What is Splinter Hemorrhage?A splinter hemorrhage is an abnormality that occurs in a person’s nails, either fingernails or toenails, resulting in blood spots underneath the nail. They have the appearance of splinters and usually occur when there is damage to the tiny blood vessels (capillaries) along the nail bed. The nail bed is found underneath the skin. Small amounts of blood from the damaged blood vessels become visible through the nail. The name is borne from the fact that the hemorrhage resembles having a splinter underneath the fingernail. Splinter hemorrhage develops longitudinal reddish streaks down the nails, which are prominent when viewed. Splinter hemorrhages are not painful except for those caused by trauma. They are considered one of the harmless abnormalities that can occur in the body. Picture Courtesy: Slideshare
What are the risk factors for splinter hemorrhage?The following are susceptible:
- Men experience splinter hemorrhage more often than women.
- People with darker complexions may also have a greater risk.
- People with systemic disease will always have their splinter hemorrhage reappear after treatment, sometimes in different locations. The hemorrhage is usually 1-3mm in length.
- When caused by a trauma
- When caused by a medical condition
- Splinter hemorrhage caused by medications.
When to see a DoctorA person should seek medical treatment if the following symptoms accompany their splinter hemorrhage:
- Persistent joint pain
- Petechiae, which are red dots on the skin.
Best Foods for Splinter Hemorrhage PatientsTo prevent splinter hemorrhages, drink plenty of water. Eating a high vitamin B and zinc diet can be a great advantage in making the fingernails grow stronger. It is also good to avoid foods that may trigger the symptoms. For example, if a person is lactose intolerant, they have to avoid milk products or consume them in very small quantities. Avoiding foods containing gluten will be the most effective treatment for celiac disease. Foods with high vitamin B include:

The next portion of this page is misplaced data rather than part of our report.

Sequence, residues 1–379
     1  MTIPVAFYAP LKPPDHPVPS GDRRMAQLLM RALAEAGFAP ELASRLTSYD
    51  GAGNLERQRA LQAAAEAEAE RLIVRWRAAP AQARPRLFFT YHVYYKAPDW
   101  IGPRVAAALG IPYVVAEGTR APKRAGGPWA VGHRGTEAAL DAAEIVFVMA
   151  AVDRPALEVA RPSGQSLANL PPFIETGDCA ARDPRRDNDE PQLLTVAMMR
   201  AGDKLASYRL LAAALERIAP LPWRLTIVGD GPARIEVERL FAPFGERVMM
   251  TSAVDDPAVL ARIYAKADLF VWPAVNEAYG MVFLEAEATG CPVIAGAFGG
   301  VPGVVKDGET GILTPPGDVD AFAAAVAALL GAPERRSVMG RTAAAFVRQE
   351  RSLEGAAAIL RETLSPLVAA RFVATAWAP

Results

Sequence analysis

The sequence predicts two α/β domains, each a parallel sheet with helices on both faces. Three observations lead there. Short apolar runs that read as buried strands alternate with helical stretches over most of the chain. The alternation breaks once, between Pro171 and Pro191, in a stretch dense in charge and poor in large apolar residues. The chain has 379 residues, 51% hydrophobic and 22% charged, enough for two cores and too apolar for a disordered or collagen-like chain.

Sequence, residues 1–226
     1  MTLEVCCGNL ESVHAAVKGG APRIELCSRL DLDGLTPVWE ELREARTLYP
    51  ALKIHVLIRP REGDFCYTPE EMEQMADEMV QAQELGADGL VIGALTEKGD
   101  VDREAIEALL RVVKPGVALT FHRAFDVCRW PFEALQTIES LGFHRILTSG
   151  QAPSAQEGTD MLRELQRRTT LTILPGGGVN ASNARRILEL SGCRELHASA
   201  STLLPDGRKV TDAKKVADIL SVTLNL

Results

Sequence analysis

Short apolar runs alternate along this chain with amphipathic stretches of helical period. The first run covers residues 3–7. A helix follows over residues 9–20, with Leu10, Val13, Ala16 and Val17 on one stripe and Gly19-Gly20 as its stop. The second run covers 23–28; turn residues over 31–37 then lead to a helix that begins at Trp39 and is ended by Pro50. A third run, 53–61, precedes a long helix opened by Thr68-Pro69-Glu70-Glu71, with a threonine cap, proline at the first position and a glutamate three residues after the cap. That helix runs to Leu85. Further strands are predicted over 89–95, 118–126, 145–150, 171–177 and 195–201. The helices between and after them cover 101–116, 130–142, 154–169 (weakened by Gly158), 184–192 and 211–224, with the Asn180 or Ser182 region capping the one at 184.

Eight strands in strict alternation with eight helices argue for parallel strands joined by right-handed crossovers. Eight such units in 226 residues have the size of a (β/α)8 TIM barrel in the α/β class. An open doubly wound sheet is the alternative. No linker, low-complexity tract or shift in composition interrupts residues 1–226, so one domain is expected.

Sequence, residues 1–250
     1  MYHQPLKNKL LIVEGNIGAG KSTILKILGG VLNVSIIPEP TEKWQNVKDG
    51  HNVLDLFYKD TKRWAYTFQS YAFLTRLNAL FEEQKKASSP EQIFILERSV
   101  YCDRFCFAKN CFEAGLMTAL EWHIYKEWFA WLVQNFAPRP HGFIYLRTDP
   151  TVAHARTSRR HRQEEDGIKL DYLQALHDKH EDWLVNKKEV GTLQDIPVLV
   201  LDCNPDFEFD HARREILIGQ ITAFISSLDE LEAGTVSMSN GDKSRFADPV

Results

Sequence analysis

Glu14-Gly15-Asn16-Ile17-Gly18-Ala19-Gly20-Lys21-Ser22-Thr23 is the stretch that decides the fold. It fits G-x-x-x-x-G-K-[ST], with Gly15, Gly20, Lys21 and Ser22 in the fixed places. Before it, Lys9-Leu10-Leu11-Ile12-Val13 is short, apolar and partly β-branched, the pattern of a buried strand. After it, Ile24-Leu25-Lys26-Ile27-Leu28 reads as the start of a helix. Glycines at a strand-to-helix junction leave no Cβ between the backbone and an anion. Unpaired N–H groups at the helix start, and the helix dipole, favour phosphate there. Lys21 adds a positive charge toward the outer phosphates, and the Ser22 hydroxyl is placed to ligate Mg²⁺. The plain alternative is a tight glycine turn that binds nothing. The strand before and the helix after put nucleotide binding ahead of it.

- Liver and kidney.
- Meat, such as chicken and red meat.
- Fish, such as tuna, mackerel, and salmon.
- Shellfish, such as oysters.
- Dark green vegetables, like avocadoes, beets, etc.
- Whole grains and cereals.
- Beans like black beans, kidney beans, etc.
- Legumes, such as beans and lentils.
- Nuts and seeds.
- Fruits, such as citrus, banana, and watermelon.
- Soy products, such as soy milk and tempeh.
- Blackstrap molasses.
- Wheat germ.
- Yeast and nutritional yeast.
- Take foods high in Biotin, vitamin B-6, and vitamin B-12.
- Vegetarian-friendly foods are rich in vitamin B-12.
- Shellfish; oysters, crab, mussels, shrimp.
- Legumes; chickpeas, lentils, beans.
- Seeds; hemp, pumpkins, squash, sesame seeds.
The primary symptoms of splinter hemorrhage include:
- A small amount of bleeding underneath a nail
- A dark red or brown line along your nail groove
- Dark streaks resembling a splinter
- No pain except trauma
If the underlying cause is trauma or injury, additional symptoms:
- A small amount of blood